ChangingDad

Making the most of a new life


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An audience with Daddy

It is ChangingDad rant week, where I have been having a bit of a moan about those things that have come to annoy me as a parent. While they are relatively trivial in the grand scheme of things it is also good to share them and get the views of others on them.

So here goes with today’s issue. If I was to say what was the one thing that I have found hard to get used to more than any other since becoming a parent it is the fact that, these days, I frequently have an audience when I am sitting on the toilet. The toilet for me, and I think that this is typical of many men in particular, is a place of sanctuary. It is somewhere that I can spend a few minutes away from the cares of the world and do some thinking or light reading; and more often than not it still is.

There are, however, plenty of times when I am nicely settled into my special place only to be disturbed by a little person wanting information, help or support in a dispute with another little person. Indeed, my sitting down often seems to be some sort of indirect catalyst for the outbreak of strife in the playroom; especially when I am the only adult in the house. I really do not like having to curtail my time in there, and it is often not something that I can especially leave in a hurry. But my sanctuary invaded and the moment broken.

I think that this is probably something that is representative of a wider issue about personal space, something which is markedly reduced with the arrival of children. I lived on my own for many years before Karen and I got together, and even with two in the house there was always plenty of room for personal space. I certainly would not go back to such a life now, but I do occasionally miss the solitude and find my lavatorial escapism to be a good way of mollifying the problem. Which is why it annoys me when it is threatened.

It amuses me that Jake is copying my behaviour and now often takes five or six books into the toilet with him, and can easily spend half an hour in there. It is the only time that he really looks at books on his own so I am not discouraging him. Coincidentally Sam also decided to read a book on the toilet for the first time this week, so it looks like it is a good job that we have more than one toilet in the house.

I like it that the boys want to do this because it is important that we all have a bit of ‘me’ time now and again. After all they do not get much time to themselves either. So perhaps they will come to realise that my toilet time is sacred too: a ritual to be enjoyed alone. Not an audience with Daddy.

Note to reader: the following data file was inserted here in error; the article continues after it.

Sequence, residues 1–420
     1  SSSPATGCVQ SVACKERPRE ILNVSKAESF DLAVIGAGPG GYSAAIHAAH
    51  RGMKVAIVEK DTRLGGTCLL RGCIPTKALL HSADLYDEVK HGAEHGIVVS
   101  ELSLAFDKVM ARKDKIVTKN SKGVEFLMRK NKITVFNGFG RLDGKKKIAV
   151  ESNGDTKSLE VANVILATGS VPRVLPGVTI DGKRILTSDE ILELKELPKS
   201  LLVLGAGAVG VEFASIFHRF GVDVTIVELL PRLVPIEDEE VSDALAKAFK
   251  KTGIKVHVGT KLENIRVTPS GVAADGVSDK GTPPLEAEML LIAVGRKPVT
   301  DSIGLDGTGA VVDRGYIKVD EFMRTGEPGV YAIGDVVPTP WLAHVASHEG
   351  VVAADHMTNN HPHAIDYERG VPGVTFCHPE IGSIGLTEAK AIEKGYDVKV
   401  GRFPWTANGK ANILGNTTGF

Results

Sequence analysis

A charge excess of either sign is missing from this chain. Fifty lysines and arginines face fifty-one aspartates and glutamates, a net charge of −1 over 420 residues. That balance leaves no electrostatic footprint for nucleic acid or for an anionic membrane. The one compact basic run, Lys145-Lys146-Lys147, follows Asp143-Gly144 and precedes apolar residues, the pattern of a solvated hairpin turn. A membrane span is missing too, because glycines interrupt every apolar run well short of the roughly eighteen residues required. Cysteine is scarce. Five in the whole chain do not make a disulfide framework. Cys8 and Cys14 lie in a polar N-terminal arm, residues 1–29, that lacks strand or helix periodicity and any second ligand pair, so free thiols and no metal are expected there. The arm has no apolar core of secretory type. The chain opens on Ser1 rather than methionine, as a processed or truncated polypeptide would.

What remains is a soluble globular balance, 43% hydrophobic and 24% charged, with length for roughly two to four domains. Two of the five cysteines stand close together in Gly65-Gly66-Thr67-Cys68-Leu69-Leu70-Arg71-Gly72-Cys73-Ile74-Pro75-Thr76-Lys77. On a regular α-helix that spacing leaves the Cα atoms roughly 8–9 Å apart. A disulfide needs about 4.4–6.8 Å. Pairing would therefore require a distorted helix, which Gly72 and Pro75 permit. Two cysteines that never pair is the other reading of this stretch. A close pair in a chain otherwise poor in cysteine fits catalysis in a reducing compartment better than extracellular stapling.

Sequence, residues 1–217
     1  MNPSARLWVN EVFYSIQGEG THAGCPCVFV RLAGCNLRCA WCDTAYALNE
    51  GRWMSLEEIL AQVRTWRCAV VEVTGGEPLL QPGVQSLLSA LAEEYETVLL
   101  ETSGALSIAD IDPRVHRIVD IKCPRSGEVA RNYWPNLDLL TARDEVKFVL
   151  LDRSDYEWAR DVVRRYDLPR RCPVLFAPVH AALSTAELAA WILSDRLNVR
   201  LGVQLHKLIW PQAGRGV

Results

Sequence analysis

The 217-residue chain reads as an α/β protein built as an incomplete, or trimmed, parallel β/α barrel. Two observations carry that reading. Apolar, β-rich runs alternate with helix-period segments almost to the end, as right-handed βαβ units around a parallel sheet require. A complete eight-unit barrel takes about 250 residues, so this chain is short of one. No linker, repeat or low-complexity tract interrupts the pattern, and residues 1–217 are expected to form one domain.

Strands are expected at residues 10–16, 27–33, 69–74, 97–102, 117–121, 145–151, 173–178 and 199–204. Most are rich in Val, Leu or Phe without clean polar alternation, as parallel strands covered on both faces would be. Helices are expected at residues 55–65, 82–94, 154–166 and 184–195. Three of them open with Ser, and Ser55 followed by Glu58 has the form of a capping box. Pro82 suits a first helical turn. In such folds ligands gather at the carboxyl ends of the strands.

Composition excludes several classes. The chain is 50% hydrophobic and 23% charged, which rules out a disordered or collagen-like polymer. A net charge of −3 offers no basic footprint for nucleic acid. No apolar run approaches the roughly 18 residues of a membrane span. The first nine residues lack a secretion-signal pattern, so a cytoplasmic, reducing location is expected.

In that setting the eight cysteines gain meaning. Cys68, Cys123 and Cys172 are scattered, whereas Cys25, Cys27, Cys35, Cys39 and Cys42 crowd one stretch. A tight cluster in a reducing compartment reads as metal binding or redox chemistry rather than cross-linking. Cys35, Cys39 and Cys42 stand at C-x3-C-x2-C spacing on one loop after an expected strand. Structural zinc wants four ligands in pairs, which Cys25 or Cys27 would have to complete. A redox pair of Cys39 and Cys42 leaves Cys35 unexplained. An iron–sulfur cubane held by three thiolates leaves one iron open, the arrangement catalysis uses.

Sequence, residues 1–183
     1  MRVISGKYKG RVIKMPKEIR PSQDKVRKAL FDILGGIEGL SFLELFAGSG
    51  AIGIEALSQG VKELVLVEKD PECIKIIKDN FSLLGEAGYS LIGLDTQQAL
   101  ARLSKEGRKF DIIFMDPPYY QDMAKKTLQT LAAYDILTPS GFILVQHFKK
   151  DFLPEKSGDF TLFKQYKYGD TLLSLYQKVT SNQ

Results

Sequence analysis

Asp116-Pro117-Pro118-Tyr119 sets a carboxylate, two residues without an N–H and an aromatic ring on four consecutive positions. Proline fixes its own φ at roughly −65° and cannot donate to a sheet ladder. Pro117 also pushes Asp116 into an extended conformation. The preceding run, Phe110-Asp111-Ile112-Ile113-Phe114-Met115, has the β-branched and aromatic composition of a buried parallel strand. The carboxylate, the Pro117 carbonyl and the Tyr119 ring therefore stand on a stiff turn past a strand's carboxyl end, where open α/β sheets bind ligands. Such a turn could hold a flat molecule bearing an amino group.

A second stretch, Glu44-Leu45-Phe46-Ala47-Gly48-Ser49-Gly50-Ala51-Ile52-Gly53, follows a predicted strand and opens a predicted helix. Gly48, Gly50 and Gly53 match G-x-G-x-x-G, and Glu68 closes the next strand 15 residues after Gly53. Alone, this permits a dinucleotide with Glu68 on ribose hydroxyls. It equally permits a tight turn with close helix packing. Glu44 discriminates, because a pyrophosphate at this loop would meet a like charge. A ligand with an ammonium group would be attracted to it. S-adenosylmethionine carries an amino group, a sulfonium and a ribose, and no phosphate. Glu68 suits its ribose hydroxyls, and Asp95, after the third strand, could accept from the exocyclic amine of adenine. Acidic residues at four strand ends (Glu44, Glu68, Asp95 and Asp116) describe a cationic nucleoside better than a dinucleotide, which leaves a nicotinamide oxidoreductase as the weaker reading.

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Blinded by the light

 

The last week has seen me thinking about those relatively small things about parenthood that annoy me, none of which I was aware before having children. So now having thought of them I think I need to get them off my chest. When I made a list I aimed to think of ten, but I fell short at seven (so it cannot be all that bad). However, seven is a good number for a short series over a week. So this week is now ‘rant week’ on ChangingDad.

I think what really got me thinking about these niggly issues was the clocks going forward last weekend. An hour less in bed aside, and that was always a small price to pay for light evenings, the arrival of British Summer Time was always my favourite weekend of the year heralding, as it does, a great deal more daylight at the right time of day. But now I am not so sure. It is a lot easier to get children to bed when it is dark, after all darkness equals bedtime, and light can mean anything but. As a result it has been hard to explain to Sam in particular why he should go to bed when it is still light, he somehow thinks it is morning.

I think that the light evenings also remind me that we cannot go out and do things in the light evenings like we used to, and it is certainly too cold to sit out at home in the evening at the moment (and I am not sure it ever was last year). While the thought of getting one of those patio heaters which pump heat anywhere but on the patio does not appeal.

So the clocks changing reminds me of past times and well as present issues; both of which, once again, come back to that recurring theme of having time to ourselves and the ability to do the things that we like (or liked) doing. For me it is probably the most obvious change about becoming a father; that as parents we have finite time but seemingly much more to fit into it. The light evenings meant that we could do more things away from the house. Having children makes that more difficult since the importance of having a bedtime routine cannot be overstated, and so being able to do things then means having babysitters on a regular basis. This is something which I do not think is totally fair on the boys who are clearly more comfortable with having one or both of us in the house when they go to bed.

I understand that some people find the winter months very difficult when there is not much daylight, and on balance I much prefer the summer months. Nevertheless, it is not as clear cut as it used to be and this time of year is definitely one of more mixed emotions than it used to be. That is, for me, one of the consequences of parenthood, and not one that I had particularly anticipated.

I wonder whether this is the same for other parents? Or is it just me?